Gerhard Arthur Puff (died August 21, 1954)
was an American gangster, executed by the federal authorities in New
York for killing a federal agent.
In 1952 Puff traveled from Kansas City to Manhattan
with his 17-year-old wife, Annie Laurie. By then, Puff's résumé as a
bank robber had already earned him a spot on the FBI's Ten Most Wanted
List. Shortly after he arrived at the Congress Hotel, FBI agents
waited to arrest him, but before they captured him, he shot and
fatally injured one of them.
For the murder of a federal agent, he was tried by
the U.S. District Court for the Southern District of New York and
sentenced to death. At the time, people sentenced to death by the
federal government were executed by the method authorized by the state
where the crime took place, so Puff was put to death in the Sing-Sing
Puff was one of the first people New York State
Electrician Dow Hover was hired to execute. He was either 39 or 40
years old at time of his execution on August 12, 1954. The execution
was the fifth federal execution since President Dwight D. Eisenhower
took office on January 20, 1953.
Gerhard Puff was born in Dresden, Germany
and brought to America by his parents at the age of 13, in May of 1934
at age of 20, became a Naturalized American Citizen through the
Naturalization of his father. They made their home in Milwaukee,
Wisconsin. Puff started an early life of crime that led to murder and
his ultimate execution in 1954, was eventually listed as the FBI's 10
June 21st, 1934 at age of 20 was convicted of
disorderly conduct. On August 22nd, 1935 at the age of 21, was
sentenced to serve three concurrent terms of 1-5 years each in the
Wisconsin Penitentiary for stealing domesticated animals. Several
months later he was transferred to the State Reformatory at Green Bay,
Wisconsin. While at the Reformatory, Gerhard assaulted one of the
guards and was sentenced to an additional 1-10 years, beginning when
his other sentence expired. He was sent back to the State Penitentiary
in Febuary of 1937 and was finally released on May 24th, 1939 after
serving almost 4 years imprisonment. He was now 25 years old.
On December 28th, 1942, at the age of 28, he was
sentenced for assault in the process of armed robbery, going back to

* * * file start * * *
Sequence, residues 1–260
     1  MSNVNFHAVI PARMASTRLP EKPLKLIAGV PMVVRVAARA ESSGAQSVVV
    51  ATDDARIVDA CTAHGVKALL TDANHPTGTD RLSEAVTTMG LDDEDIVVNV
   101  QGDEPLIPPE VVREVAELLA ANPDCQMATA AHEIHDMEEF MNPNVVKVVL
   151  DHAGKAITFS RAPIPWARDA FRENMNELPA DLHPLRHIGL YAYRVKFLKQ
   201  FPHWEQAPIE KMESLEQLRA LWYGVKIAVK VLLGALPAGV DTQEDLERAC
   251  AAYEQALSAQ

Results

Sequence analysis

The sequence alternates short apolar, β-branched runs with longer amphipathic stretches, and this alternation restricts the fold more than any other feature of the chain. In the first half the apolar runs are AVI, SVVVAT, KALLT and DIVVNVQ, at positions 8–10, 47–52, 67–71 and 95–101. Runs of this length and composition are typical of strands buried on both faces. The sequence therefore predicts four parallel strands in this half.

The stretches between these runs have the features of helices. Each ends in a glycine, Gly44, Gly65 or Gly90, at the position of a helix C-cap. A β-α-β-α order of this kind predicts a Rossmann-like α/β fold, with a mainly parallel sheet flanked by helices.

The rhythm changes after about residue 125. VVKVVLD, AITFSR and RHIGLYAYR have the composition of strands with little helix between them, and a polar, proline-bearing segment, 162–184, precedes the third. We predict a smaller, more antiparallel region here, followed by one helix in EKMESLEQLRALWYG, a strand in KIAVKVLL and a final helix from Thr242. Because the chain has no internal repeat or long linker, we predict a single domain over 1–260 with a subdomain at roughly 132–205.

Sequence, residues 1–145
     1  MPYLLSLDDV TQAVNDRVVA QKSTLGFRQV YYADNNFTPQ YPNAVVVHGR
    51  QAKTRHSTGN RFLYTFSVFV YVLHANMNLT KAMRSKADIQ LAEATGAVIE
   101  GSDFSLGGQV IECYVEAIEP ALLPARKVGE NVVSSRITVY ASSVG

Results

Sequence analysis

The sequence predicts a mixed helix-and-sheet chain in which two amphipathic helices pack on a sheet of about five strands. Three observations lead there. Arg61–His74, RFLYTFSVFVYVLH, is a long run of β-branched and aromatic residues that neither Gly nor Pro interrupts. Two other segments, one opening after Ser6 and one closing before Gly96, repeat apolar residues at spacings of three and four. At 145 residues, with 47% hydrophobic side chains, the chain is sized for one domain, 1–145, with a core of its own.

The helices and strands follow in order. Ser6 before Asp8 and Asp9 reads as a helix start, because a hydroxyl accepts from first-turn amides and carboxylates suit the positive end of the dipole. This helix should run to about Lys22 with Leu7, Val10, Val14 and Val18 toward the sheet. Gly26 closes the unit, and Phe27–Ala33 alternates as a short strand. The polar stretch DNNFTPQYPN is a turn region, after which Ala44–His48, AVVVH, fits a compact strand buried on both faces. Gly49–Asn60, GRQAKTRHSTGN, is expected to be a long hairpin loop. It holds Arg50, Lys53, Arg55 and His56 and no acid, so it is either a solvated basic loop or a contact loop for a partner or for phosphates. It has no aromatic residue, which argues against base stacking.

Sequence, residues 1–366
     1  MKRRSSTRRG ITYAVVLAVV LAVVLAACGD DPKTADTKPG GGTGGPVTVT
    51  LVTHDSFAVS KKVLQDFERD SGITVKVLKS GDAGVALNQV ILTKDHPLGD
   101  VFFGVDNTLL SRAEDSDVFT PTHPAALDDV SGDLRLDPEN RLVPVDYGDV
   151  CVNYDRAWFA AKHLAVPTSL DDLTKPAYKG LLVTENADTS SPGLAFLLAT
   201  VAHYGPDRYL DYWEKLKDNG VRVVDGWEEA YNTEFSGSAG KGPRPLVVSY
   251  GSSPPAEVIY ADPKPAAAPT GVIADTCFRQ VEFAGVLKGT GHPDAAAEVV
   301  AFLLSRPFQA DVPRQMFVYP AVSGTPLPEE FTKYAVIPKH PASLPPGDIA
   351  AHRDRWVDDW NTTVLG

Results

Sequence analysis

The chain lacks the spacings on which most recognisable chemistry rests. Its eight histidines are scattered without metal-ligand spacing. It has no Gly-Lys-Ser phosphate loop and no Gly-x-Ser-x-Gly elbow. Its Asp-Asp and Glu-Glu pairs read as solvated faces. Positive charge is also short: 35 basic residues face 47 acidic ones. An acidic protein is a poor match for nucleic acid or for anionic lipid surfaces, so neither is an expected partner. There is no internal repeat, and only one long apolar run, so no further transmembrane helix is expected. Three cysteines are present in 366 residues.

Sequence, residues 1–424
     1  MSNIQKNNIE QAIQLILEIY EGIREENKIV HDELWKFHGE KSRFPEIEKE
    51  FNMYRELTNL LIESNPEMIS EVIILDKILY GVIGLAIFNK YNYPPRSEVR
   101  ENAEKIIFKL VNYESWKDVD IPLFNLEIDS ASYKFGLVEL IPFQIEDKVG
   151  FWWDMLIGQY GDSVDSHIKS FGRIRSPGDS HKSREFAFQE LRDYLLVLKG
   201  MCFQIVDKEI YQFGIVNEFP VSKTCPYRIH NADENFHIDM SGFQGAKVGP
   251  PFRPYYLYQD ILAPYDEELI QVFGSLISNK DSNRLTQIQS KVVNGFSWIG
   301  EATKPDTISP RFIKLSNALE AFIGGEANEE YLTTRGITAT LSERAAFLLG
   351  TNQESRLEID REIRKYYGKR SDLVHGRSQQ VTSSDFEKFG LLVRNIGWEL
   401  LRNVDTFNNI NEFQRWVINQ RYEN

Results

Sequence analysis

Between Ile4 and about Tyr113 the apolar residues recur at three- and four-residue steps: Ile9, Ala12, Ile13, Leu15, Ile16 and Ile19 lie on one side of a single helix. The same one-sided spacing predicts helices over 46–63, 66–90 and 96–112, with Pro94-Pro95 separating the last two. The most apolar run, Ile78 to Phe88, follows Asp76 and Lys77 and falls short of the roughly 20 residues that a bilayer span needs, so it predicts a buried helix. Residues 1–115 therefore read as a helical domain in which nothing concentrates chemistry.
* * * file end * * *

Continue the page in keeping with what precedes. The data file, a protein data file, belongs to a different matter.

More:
the State Penitentiary in Wisconsin for 1-9 years. On September 6th,
1945 at the age of 31, he escaped. 15 days later he was apprehended in
a stolen car and returned to Prison. He was discharged on November
19th, 1947 at the age of 33.
In June of 1948 at the age of 34, he was found
guilty of breaking into a Warehouse at Beaver Dam, Wisconsin. Also at
that time charged with the 1945 Prison Escape. Recieving terms of 1-4
years and 12-17 months, respectively. He began serving his sentence in
June of 1948 and was released on April 25th, 1951 at the age of 36.
Between Prison sentences he worked as a Truck Driver, Farm Hand, and
Machinist Helper. He enjoyed expensive clothes, big cars, dancing,
sports, and gambling. To satisfy his costly habits, he returned to a
life of crime.
On May 2nd, 1951 was arrested by the Milwaukee
Police in Wisconsin for armed robbery and lodged in the Milwaukee
County Jail on a $3,000.00 Bond. Gerhard struck up with a fellow
inmate there, a gun-crazed youth named George Arthur Heroux. On
October 17th, 1951, an unknown party through a Chicago Bonsman in
Illinois posted a cash bond to have Gerhard released. He was to report
for trial on November 15th, 1951, but did not appear. 8 days later, he
robbed a Johnson County National Bank in Prairie Village, Kansas,
escaped with $62,000.00. He had teamed up with George Heroux.
The FBI got involved and followed his elusive trail
to New York City, after George Heroux was captured in Miami, Florida
and gave them a lead. They set up a surveillance at a hotel and
waited. They waited in the Lobby for Puff, who tried to make a break,
he shot and killed Special Agent Joseph J. Brock. Shooting him in the
chest twice and taking his gun. Agents waiting outside called for him
to surrender, there was a short gun battle, Puff was injured and
collapsed to the sidewalk. He was treated at a nearby hospital then
taken to the Prison Ward at Bellevue Prison, New York.
On May 17th, 1953, in New York at the age of 39,
was found guilty of 1st degree murder and sentenced to death. On
August 12th, 1954, at the age of 40, he was given his last meal, the
two largest meals the Prison ever served, at Sing-Sing Prison in
Ossining, New York. He was strapped in the Electric Chair. His final
words was simply, "Good-Bye Marshall." He was electrocuted, ending a
lifelong crime spree.
Gerhard Arthur Puff
Gerhard Arthur Puff took his
first steps toward a life of crime at the age of 20 when, in his home
city of Milwaukee, Wisconsin, he was arrested on June 21, 1934 and
convicted on a charge of disorderly conduct. Seven years earlier he
had come to the United States from his native Dresden, Germany, and
only the previous month he had been admitted to U.S. citizenship
through the naturalization of his father.
Puff's next conviction
occurred a year later for stealing domestic animals. On August 22,
1935, he was sentenced to serve three concurrent terms of one to five
years each in the Wisconsin State Penitentiary. Several months later
he was transferred to the State Reformatory at Green Bay.
While at the reformatory, Puff
assaulted one of the guards and, on conviction, was sentenced to an
additional term of one to 10 years to begin at the expiration of the
sentences he was then serving. He was sent back to the State
Penitentiary in February, 1937 and was discharged on May 24, 1939
after serving a total of approximately three years and nine months.
Puff was returned to the
penitentiary to begin serving a sentence of one to nine years
following a conviction on December 28, 1942, for assault with intent
to commit armed robbery. On September 6, 1945, he escaped. Fifteen
days later he was apprehended in a stolen car and again returned to